If you think of the Bush Administration as akin to the management of a large multinational corporation with interests in energy, defense, pharmaceuticals, etc, and some vociferous shareholders (right-wing Israelis, conservative Christians et alia), bombing Iraq is a promising investment decision. Oil prices will soar, demand for weapons will be brisk, the shareholders (wrapped in their respective flags) will cheer. Iran’s influence will most likely increase, but that will happen anyway. Other advantages: U.S. government securities will sell at a low yield (because of the flight to quality) reducing the pressure to increase taxes on the wealthy. The Iranian government will probably be grateful. The bombing will produce martyrs, taking Iranian minds off the shortcomings of their government, and possibly increase Iranian energy profits flowing to the government that it can use to continue mismanaging the Iranian economy.

  17. George says:

    Quoting from:
    Is the economy part of the planet—or the planet part of the economy?
    “More recently, the last 130 years has yielded an oil-based surge of far more rapid growth—a unique period in the history of civilization and one which will not be repeated when the oil runs down…..
    Back in 1966, in his famous essay The Economics of the Coming Spaceship Earth, pioneer ecological economist Kenneth Boulding argued that a transition had begun: from the ‘open’ to the ‘closed’ earth, from the ‘empty’ world with ever more frontiers for exploitation to the ‘full’ world, where it is no longer possible to go somewhere else when resources fail or pollution destroys. The ‘illimitable plains’ of the endless frontier no longer stretched into the unknown. There were no more ‘unlimited reservoirs’ of anything. Daly, arguing along the same lines, has described ‘globalisation’ as the “last-gasp attempt to re-establish conditions of empty-world economy by growing into the economic and ecological space of other countries and into the remaining global commons” (Ecological Economics, p. 21).”

  18. Babak Makkinejad says:

    US is convinced that she has to be the hegemon of the Middle East. She will go to great lengths to maintain that – for all its worth. And I also think that mainstream US population agrees with that position.
    I personally do not think the being the hegemon is all that its is purported to be; “see Iraq and weep” as Col. Lang would say.
    I do not believe that the United States – at this moment in history – has the power to bring strategic change to the Middle East through the force of arms unless she uses nuclear weapons against Middle Eastern cities.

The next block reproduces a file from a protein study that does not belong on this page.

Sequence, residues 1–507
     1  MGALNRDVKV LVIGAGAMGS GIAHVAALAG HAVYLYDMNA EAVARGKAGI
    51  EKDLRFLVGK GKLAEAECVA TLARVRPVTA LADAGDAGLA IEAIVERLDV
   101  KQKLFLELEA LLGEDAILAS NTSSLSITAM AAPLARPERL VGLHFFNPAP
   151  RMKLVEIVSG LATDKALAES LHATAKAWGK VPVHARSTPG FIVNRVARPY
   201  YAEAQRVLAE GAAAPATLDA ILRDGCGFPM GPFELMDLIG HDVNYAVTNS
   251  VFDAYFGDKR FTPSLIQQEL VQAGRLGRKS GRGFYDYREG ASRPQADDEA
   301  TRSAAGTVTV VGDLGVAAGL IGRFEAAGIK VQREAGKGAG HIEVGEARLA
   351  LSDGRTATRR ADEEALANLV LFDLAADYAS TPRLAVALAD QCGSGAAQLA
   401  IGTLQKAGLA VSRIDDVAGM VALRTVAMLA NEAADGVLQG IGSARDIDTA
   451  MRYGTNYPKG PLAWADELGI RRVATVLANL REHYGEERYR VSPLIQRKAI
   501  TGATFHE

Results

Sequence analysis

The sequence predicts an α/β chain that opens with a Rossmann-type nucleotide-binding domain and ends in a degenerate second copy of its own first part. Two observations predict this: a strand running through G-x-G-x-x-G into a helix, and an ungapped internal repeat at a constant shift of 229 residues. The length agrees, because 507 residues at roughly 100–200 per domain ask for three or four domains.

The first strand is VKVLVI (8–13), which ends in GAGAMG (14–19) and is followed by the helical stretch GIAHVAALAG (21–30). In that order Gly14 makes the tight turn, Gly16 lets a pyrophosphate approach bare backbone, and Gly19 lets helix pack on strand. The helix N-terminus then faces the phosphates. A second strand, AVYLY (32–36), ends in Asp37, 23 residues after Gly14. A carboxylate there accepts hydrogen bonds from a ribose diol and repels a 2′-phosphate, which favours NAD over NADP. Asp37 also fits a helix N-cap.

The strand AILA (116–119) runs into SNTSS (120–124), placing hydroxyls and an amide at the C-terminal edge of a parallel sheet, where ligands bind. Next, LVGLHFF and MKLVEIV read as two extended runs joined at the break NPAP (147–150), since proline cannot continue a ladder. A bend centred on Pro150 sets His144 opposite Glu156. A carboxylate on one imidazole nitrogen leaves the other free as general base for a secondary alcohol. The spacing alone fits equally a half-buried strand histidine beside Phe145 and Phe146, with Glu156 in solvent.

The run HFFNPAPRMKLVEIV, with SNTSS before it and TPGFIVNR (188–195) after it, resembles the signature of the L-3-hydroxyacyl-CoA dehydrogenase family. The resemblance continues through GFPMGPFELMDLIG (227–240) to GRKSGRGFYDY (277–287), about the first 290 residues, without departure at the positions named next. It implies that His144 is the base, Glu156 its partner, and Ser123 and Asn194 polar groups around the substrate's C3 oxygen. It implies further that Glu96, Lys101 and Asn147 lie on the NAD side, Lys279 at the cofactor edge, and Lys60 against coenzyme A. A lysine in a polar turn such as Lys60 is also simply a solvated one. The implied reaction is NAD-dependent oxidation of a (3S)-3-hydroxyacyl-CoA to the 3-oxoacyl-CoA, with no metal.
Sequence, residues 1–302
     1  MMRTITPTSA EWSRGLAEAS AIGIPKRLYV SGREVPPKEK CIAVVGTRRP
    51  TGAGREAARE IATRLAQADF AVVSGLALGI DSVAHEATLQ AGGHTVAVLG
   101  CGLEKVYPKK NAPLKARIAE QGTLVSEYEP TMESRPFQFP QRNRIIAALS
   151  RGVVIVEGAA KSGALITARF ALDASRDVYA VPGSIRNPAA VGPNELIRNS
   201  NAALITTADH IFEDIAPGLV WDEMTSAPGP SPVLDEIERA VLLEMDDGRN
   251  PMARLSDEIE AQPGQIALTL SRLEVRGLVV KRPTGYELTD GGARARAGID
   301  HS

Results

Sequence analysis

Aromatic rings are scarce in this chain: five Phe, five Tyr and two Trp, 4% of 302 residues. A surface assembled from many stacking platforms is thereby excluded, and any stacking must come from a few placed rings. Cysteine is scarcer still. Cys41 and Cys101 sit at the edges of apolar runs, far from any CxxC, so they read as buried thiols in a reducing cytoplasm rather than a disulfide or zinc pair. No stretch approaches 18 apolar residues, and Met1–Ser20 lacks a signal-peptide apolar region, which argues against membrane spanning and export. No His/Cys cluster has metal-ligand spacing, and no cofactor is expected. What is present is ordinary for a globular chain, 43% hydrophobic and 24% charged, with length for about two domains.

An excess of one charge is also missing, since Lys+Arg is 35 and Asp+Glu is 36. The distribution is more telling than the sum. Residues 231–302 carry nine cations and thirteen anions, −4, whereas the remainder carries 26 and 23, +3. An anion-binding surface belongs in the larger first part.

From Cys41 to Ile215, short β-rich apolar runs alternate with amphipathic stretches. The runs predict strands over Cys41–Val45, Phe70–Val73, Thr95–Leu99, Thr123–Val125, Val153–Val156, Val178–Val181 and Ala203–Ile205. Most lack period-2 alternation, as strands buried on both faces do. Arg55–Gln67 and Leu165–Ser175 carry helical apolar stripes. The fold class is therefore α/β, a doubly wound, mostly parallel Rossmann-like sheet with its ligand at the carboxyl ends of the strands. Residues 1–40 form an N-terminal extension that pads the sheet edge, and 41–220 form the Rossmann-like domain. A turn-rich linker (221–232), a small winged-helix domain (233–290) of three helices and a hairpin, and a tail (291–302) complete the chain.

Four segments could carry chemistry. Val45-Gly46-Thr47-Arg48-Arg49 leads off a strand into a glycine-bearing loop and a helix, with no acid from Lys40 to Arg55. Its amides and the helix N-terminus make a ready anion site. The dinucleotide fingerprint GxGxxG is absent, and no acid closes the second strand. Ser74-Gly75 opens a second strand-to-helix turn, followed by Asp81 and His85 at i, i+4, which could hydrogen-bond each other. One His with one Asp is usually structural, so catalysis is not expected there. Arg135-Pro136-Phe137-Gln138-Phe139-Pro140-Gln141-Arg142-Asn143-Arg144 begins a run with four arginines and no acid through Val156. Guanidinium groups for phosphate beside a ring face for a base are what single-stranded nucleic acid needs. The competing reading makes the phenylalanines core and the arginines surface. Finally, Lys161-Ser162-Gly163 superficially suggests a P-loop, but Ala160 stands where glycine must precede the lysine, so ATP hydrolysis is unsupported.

The United States, on the other hand, has the dipolomatc, economic, and political power to affect such changes. But that requires negogiations which does not seem to be going anywhere; not in Palestine, not in Iraq, and not with Iran.
    IT seems to me that for some reason, USG seems to think that war is cost-free while other tools of inter-state intercourse have costs associated with them; go figure that.
    Whether the train has left or not we can be certain of the follwoing:
    – There will be no Iranian surrender – the Russians and the Chinese are going to see to that.
    – The war will go on for a long time – it will be a war of Islam with Islam’s enemies. US would characterize it as a war of Freedom against Terrorism: the Western godess Freedom against the Almight Allah; just what we needed in 21-Century – a religious war of Light against the Powers of Darkness.
    – Iraq as a state will not see the light of day until and unless the hostilities cease – it would be decades.
    – US will be forced to pressure Israel to settle with Palestinians since the cost of defending Israel will be too heavy for US to carry after the attack on Iran.
    – Lebanon will revert back to Syrian control, one way or another.
    – Iran will become even more entrenched in Iraq for the foreseeable future.
    I think the oil and financial markets will bear the situation and adjust; I do expect spikes in oil prices and so on but I think the world economy will go on; leaving US and Iran in the dust – so to speak.
    – I think it is fairly certain that we will not see a US-Iran reapproachment until after the Hillary-Obama administration; probably in 2020.
    So, as teh computer said: “How about a nice game of chess?” in lieu of all this?

  19. blowback says:

    The mission to shore up support for the war was shared with only a small circle of White House staffers and members of the media, who were told that if news of his trip leaked early, it would be scrapped.